Police officer jailed for misconduct

File photo dated 02/11/11 of a generic photo of police officers as the police are poised to bring in private companies to investigate crimes and patrol neighbourhoods, it was reported today. PRESS ASSOCIATION Photo. Issue date: Saturday March 3, 2012. Two forces, West Midlands and Surrey, are asking security firms to bid for contracts, worth �1.5bn over seven years, to run some services that are currently carried out by officers, according to the Guardian. See PA story POLITICS Police. Photo credit should read: David Cheskin/PA Wire
File photo dated 02/11/11 of a generic photo of police officers as the police are poised to bring in private companies to investigate crimes and patrol neighbourhoods, it was reported today. PRESS ASSOCIATION Photo. Issue date: Saturday March 3, 2012. Two forces, West Midlands and Surrey, are asking security firms to bid for contracts, worth �1.5bn over seven years, to run some services that are currently carried out by officers, according to the Guardian. See PA story POLITICS Police. Photo credit should read: David Cheskin/PA Wire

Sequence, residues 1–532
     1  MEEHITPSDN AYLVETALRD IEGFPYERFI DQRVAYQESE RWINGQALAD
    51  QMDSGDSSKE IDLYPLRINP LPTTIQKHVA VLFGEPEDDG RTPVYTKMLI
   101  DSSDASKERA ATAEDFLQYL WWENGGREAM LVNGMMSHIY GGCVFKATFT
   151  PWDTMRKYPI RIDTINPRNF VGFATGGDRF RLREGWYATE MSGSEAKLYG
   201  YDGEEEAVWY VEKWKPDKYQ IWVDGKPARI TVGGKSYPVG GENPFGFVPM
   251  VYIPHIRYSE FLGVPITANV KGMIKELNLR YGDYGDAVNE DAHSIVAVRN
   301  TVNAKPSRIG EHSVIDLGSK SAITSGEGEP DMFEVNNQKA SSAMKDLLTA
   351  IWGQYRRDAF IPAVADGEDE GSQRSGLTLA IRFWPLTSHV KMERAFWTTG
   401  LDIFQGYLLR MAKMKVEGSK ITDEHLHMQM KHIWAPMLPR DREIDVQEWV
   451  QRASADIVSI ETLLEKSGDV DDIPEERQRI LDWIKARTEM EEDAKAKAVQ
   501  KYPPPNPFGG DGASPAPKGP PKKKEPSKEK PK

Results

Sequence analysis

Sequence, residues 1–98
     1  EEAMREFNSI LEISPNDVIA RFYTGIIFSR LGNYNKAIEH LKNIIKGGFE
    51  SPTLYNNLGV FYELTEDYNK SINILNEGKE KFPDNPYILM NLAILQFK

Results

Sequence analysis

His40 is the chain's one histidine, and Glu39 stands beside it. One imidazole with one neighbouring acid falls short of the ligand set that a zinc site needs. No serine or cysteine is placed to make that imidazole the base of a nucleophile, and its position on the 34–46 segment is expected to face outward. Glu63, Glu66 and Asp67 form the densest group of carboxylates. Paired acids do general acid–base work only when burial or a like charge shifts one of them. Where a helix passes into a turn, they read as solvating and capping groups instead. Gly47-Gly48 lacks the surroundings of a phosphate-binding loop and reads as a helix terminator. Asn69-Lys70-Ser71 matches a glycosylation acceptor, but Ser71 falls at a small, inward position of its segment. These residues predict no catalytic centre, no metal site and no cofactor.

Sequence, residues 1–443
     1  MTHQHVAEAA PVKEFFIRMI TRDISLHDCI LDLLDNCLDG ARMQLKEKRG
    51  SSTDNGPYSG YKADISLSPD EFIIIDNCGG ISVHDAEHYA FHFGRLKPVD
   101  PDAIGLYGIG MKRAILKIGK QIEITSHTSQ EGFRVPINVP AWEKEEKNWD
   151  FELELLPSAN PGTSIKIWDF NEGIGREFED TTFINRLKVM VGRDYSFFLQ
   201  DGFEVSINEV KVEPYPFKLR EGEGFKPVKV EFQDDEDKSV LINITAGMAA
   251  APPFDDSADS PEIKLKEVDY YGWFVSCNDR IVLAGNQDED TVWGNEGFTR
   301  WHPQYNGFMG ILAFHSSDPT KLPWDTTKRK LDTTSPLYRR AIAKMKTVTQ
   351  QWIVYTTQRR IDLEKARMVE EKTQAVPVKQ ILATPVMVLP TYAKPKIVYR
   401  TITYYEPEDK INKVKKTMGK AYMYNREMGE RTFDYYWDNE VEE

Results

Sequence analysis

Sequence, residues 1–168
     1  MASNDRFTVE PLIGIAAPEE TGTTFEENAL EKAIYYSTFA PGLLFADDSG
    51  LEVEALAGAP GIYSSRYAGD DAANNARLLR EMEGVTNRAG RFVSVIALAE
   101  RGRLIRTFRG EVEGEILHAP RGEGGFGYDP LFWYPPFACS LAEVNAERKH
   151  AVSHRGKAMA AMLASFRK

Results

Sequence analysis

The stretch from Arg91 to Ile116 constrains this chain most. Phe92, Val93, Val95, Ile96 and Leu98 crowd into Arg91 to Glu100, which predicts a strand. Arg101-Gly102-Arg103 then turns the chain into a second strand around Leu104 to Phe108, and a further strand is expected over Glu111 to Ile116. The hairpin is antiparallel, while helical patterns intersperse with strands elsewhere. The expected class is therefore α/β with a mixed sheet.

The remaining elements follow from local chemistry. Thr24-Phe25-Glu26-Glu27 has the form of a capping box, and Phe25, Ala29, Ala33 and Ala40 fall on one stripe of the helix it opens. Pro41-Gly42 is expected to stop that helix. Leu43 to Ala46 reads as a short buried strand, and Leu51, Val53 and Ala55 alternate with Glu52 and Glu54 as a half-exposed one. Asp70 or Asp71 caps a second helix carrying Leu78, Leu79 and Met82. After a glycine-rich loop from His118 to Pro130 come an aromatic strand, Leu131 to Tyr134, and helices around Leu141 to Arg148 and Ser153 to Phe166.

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A former Merseyside police officer, who pleaded guilty to misconduct in public office, has been jailed for four years.

An investigation was carried out by Merseyside Police and managed by the Independent Police Complaints Commission (IPCC).

At a sentencing hearing, the court heard how Michael McMillan made persistent contact with victims of crime, for his own sexual purposes, during his time as a Detective Constable with the Family Crime Investigation Unit.

Appearing before Liverpool Crown Court, McMillan was jailed for seven charges of misconduct in public office.

At a misconduct hearing, held by Merseyside Police in February, the 32-year-old was dismissed from the force with immediate effect.

IPCC Commissioner, Carl Gumsley, said: “A thorough investigation was carried out by Merseyside Police’s Anti-Corruption Unit, managed by the IPCC, into these serious matters.

“This revealed evidence that DC McMillan had repeatedly sought to abuse the trust of victims of crime; bringing discredit on his own force by doing so.

“I would like to thank those who came forward and provided evidence as part of this investigation.

“Misconduct in public office is a serious offence. I hope this case will demonstrate that those who engage in inappropriate and criminal behaviour will be held to account.”